# Do mobile phones produce radiation harmful to humans? [closed]

What are the health effects of mobile phone radiation (if any)? Does using a mobile phone without an SIM card change the answer?

## closed as off-topic by David Hammen, ACuriousMind♦, Kyle Kanos, Ben Crowell, Brandon EnrightNov 14 '14 at 2:58

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• This question appears to be off-topic because it is (probably) about health effects of technology. – ACuriousMind Nov 14 '14 at 0:07
• The question presupposes facts not in evidence. – dmckee Nov 14 '14 at 2:27
• Health effects are still a physiological response to certain stimuli; this is still outside the realm of physics. – Kyle Kanos Nov 14 '14 at 19:46
• @KyleKanos should physics.stackexchange.com/questions/10789/… and physics.stackexchange.com/questions/18471/… also be off-topic? Does the question "How does light of a certain frequency interact with the human body" not fall in the realm of the biophysics tag? I'm new, sorry, just trying to understand what's acceptable & what's not. – pentane Nov 14 '14 at 20:45
• @pentane: Note that both questions are old and that policies change over time (hence the need for the meta site). I would say that any question asking about the interaction of the human body and any stimuli is not biophysics (or any other subset of physics). – Kyle Kanos Nov 14 '14 at 21:01

Mobile phones output UHF and long microwave frequency radiation; roughly 1GHz. These are not ionising radiations, which begin at ultraviolet light frequencies and above (several eV photon energies and above). 1eV is about 250THz, or five orders of magnitude greater than GHz photons in energy per photon. GHz photons thus have negligible effect on atoms and molecules, so there is therefore negligible risk of the mutagenic effects that go with e.g. radiation from nuclear processes.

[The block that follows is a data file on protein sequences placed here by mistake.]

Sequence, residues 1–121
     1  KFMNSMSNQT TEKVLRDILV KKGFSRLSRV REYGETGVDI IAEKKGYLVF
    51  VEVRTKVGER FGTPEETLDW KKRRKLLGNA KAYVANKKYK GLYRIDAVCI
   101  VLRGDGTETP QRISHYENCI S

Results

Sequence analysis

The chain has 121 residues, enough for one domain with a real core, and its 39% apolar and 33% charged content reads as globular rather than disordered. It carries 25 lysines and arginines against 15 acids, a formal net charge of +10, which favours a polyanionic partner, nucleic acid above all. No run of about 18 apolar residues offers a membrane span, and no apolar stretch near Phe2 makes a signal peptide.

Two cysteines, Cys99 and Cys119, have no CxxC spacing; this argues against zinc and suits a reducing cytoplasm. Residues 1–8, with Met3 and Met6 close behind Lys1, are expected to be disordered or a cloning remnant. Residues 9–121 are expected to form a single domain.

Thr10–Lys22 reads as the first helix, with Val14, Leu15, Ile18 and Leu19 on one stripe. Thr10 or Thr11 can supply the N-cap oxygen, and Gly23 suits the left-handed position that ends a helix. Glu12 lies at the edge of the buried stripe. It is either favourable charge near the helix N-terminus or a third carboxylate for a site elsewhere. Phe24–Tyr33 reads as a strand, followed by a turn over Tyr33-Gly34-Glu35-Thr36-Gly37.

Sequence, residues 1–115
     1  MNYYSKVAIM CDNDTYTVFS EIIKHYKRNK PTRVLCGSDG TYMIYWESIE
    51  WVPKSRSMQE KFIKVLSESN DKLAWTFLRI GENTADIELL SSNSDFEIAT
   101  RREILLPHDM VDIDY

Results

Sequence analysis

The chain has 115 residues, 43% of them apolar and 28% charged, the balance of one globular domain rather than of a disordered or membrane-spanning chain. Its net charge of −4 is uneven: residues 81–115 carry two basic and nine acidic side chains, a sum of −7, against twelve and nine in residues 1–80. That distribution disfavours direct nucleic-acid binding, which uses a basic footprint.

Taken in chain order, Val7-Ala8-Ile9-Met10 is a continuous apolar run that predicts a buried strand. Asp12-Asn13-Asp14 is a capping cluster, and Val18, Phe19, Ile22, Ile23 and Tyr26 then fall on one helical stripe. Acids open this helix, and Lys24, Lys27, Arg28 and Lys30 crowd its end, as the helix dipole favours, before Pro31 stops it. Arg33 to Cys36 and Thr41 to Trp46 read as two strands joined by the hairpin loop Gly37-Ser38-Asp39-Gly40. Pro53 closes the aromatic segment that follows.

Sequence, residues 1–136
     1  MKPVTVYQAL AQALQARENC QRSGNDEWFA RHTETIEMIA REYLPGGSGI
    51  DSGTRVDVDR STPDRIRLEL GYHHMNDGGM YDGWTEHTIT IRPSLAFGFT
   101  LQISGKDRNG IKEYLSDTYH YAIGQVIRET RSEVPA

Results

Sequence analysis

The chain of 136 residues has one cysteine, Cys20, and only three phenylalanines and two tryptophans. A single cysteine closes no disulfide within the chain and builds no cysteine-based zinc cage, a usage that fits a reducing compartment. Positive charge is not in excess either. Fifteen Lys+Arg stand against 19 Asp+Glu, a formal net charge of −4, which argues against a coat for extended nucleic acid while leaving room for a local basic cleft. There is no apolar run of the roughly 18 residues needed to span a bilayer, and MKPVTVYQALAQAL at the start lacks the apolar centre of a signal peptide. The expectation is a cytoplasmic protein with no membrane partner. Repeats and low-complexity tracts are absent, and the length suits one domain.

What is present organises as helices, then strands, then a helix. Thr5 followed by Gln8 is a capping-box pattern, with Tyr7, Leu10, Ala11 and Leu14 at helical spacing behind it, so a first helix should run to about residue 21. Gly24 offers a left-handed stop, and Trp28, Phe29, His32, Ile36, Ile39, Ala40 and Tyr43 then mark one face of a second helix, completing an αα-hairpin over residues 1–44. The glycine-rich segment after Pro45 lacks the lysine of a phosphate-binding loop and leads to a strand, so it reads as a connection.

On the other hand, microwaves induce local heating effects in living tissue. This is simply dissipative losses as ions are vibrated by the electromagnetic radiation (the $\vec{J}=\sigma\,\vec{E}$ term in a linear material). One therefore cannot altogether rule out the risk of some permanent tissue damage from mobile phone use in some case. Reasons for further believing the risk is low are:

1. The brain is the most heavily envasculated organ so that its temperature can be kept rock solid stable by the blood that carries heat off elsewhere: even a $41{\rm C}$ fever doesn't often lead to brain damage, even thought the brain dies at this temperature. The brain is kept at a much lower temperature than the main body in a fever. So there should be a resilience to local heating.

2. We now have fairly good epidemiological data for the effects of their use, given that almost all of first world citizens have had them glued to their ears for at least 10 years.

Lack of a SIM card makes no difference: the phone is still trying to talk to the network and is therefore outputting EM radiation. However, you're not likely to use a mobile for very long if it lacks one!

1) Increased risk of crashing when driving.

2) Increased risk of being hit by a car when crossing the street

3) Increased risk of being robbed (at least in some countries such as Argentina)

• ... increased risk of falling off a cliff whilst texting. This happenned to my next door neighbour and she was left hobbling around on a full leg cast for nigh on a year! – WetSavannaAnimal Nov 14 '14 at 1:06
• haha, you really made me laugh! (I am sorry for her of course, but luckily she is alive!) – Wolphram jonny Nov 14 '14 at 1:10

There are no bad effects, only possibly psychological effects caused by worrying too much about the dangers of electromagnetic radiation that in reality do not exist. Note also that in much more serious cases where there is potentially a big risk due to ionizing radiation like in case of the Fukushima disaster and in Chernobyl, the main health problems in the local population was purely psychological, see e.g. here:

What is accepted by all the experts Horizon talked to is that for the victims of Chernobyl the real problem is not radiation - but radiophobia, the fear of radiation, which has caused acute psychological trauma.

• +1 The Horizon obervation is very interesting, but I'm not sure that "radiophobia" gives an accurate impression of the trauma. The word implies an irrational fear, whereas the cause of the trauma is a prolonged period of not knowing whether or not there are rational grounds for a threat that could well be real. I should imagine this would often lead to full blown PTSD. I don't think this situation is comparable to worries about moblys. – WetSavannaAnimal Nov 14 '14 at 1:03